The President recently signed the Music Modernization Act into law. This legislation streamlines payment to songwriters by creating a single mechanical licensing database for streamed music. The database is managed by music publishers and songwriters and paid for by digital streaming services. CLICK HERE FOR ARTICLE
Category Archives: Copyright
Louis Vitton Doesn’t See the Humor
A hand bag company called My Other Bag (MOB) has been engaged in a long legal battle with Louis Vitton. The company claimed that MOB’s canvas tote bags depicting images of Louis Vitton bags was an infringing use of their copyrights and trademarks and was diluting their brands. The District Court for the Southern DistrictContinue reading “Louis Vitton Doesn’t See the Humor”
Use Caution When Threatening an IP Action in the U.K.
“Threatening” a potential infringer for acts performed in the UK will now be governed by a new Intellectual Property Unjustified Threats Act. The act took effect on October 1, 2017 and outlines “permitted communications” between potential adversaries in patent, trademark and designs. It should be noted that the act will not apply to copyright infringements,Continue reading “Use Caution When Threatening an IP Action in the U.K.”
Are Culinary Creations Protected by Copyright Law?
While copyright law will not protect utilitarian articles, it will protect the creative expression in making those articles. As a result, expressive culinary works may be protected by copyright law. Additional IP protections may also be available such as design patent, trademark and trade secret law. CLICK HERE FOR FULL ARTICLE
Are Tattoos Works of Art under Copyright Law?
LeBron James’ tattoo artist recently filed suit against the makers of NBA2K16 claiming that their use of the tattoo in the video game constitutes copyright infringement. The Plaintiff asserts that LeBron James is a “medium of expression.” But whether a live body qualifies as a medium of expression is unsettled. One would argue that theContinue reading “Are Tattoos Works of Art under Copyright Law?”
Google’s Library Project Found to be a Fair Use
Google’s Library Project offers digital versions of books sent to the project by libraries. Google has not secured permission to use these works by the copyright holders; however, only certain portions or “snippets” of each of the works is viewable to the users of the project. Once a search term is entered, the service providesContinue reading “Google’s Library Project Found to be a Fair Use”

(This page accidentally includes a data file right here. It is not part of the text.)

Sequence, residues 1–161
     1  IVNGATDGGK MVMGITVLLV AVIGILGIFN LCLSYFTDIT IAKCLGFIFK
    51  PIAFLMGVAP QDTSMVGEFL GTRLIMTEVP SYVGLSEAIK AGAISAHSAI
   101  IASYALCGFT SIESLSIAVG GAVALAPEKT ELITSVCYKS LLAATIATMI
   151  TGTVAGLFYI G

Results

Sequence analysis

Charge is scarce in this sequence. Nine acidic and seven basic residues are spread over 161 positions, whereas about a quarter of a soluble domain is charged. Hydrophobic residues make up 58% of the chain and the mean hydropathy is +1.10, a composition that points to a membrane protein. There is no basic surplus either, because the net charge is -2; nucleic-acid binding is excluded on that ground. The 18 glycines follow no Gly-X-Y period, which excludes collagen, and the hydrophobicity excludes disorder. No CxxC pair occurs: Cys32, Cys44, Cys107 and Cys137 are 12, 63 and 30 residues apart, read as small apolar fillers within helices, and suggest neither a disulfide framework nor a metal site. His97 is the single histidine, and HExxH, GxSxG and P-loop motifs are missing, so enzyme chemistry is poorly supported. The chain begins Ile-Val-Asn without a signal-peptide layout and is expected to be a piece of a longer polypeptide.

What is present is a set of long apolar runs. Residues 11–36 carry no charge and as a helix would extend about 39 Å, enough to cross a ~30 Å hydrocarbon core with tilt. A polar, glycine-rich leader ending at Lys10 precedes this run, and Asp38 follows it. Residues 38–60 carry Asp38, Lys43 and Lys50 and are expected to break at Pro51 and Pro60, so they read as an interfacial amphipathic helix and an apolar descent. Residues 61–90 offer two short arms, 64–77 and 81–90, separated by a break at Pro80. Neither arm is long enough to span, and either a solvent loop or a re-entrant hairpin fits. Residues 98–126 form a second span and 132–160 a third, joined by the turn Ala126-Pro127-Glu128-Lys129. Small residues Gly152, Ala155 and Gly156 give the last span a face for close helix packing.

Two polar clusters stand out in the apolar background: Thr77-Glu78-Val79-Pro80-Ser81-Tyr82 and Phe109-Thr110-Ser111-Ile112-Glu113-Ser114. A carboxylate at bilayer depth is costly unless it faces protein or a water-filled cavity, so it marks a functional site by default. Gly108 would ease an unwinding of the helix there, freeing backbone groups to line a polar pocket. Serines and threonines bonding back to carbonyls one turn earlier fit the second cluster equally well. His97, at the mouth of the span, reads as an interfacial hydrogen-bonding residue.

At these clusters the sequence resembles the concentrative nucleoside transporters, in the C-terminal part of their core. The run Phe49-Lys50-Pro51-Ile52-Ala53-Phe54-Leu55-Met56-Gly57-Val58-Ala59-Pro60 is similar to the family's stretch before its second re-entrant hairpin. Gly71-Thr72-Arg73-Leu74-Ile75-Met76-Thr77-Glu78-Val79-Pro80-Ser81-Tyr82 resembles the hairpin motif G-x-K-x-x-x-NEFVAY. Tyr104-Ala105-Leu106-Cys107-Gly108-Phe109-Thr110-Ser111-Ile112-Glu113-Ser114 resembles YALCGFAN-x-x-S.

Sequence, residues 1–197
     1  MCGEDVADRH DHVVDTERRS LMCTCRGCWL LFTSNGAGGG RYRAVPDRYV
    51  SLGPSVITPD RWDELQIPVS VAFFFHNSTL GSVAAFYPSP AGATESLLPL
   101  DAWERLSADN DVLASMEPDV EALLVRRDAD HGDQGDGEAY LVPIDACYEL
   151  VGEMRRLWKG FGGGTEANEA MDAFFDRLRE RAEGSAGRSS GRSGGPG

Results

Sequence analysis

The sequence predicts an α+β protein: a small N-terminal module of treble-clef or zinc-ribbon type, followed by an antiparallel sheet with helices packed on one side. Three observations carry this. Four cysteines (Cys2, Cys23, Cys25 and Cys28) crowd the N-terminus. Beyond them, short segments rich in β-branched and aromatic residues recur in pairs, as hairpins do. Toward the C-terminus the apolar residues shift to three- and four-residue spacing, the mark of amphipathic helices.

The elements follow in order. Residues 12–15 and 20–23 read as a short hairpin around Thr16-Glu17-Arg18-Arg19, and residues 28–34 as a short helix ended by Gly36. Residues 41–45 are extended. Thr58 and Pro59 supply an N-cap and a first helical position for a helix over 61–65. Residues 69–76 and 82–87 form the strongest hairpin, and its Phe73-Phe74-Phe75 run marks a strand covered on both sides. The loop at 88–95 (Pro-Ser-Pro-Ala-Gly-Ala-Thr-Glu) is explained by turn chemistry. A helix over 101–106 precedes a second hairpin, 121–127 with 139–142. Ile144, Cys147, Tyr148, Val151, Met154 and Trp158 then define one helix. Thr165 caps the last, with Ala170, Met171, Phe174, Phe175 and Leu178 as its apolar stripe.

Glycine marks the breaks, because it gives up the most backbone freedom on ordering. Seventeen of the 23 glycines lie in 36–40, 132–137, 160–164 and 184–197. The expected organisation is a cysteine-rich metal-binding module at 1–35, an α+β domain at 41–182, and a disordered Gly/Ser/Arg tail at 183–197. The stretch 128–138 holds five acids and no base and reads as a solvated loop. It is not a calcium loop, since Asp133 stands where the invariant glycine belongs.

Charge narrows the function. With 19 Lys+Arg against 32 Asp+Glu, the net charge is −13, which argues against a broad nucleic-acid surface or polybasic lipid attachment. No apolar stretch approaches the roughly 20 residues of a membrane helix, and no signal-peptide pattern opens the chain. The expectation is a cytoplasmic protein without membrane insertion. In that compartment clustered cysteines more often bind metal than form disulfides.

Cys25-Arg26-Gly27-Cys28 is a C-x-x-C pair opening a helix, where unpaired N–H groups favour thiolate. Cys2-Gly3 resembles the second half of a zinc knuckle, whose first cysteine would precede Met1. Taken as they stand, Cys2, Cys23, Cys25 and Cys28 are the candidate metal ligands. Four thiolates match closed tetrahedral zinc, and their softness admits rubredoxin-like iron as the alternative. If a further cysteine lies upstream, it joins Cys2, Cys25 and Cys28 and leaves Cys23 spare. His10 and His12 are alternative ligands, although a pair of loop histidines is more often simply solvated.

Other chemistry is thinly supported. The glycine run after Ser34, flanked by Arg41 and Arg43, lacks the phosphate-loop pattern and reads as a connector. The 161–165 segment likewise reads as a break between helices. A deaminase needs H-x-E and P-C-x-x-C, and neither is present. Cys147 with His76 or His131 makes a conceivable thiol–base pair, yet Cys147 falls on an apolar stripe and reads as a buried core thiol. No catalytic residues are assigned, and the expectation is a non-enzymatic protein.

“Happy Birthday” Song now in the Public Domain
A California judge hearing a copyright suit against Warner/Chappell music recently ruled that the “Happy Birthday” song is in the public domain. The judge held that Warner could enforce its copyright only in certain arrangements of the song. CLICK HERE FOR FULL ARTICLE
Use Caution when Issuing Take Down Notices: “Copyright Law Does Not Authorize Thoughtless Censorship of Lawful Speech”
A Pennsylvania woman recently faced a copyright infringement suit when she posted a video of her child dancing to Prince’s “Let’s Go Crazy” in 2007. Universal Music Corp. contacted YouTube after learning of the video and had the posting taken down for a period of several weeks. The video was later restored after the motherContinue reading “Use Caution when Issuing Take Down Notices: “Copyright Law Does Not Authorize Thoughtless Censorship of Lawful Speech””
Artist Uses Snow As Canvas
Artist Simon Beck is well known for his artworks in the snow. Using snowshoes, he creates stunning geometric masterpieces often the size of several football fields. He plans to compile a book of images showcasing his works. Click here for full article.
Products Merely Having the “Look and Feel” of a Trademarked Brand Can Still Be a Counterfeit in the Eyes of the Law
Designers have been increasingly proactive in protecting their marks and brands by filing trademark infringement suits against those making “knock-off” products. Louis Vitton recently celebrated the upholding of a $335,000 judgment against Joseph Mosseri for online sales of counterfeit Louis Vuitton products. But what if a competitor copies only the “look and feel” of anContinue reading “Products Merely Having the “Look and Feel” of a Trademarked Brand Can Still Be a Counterfeit in the Eyes of the Law”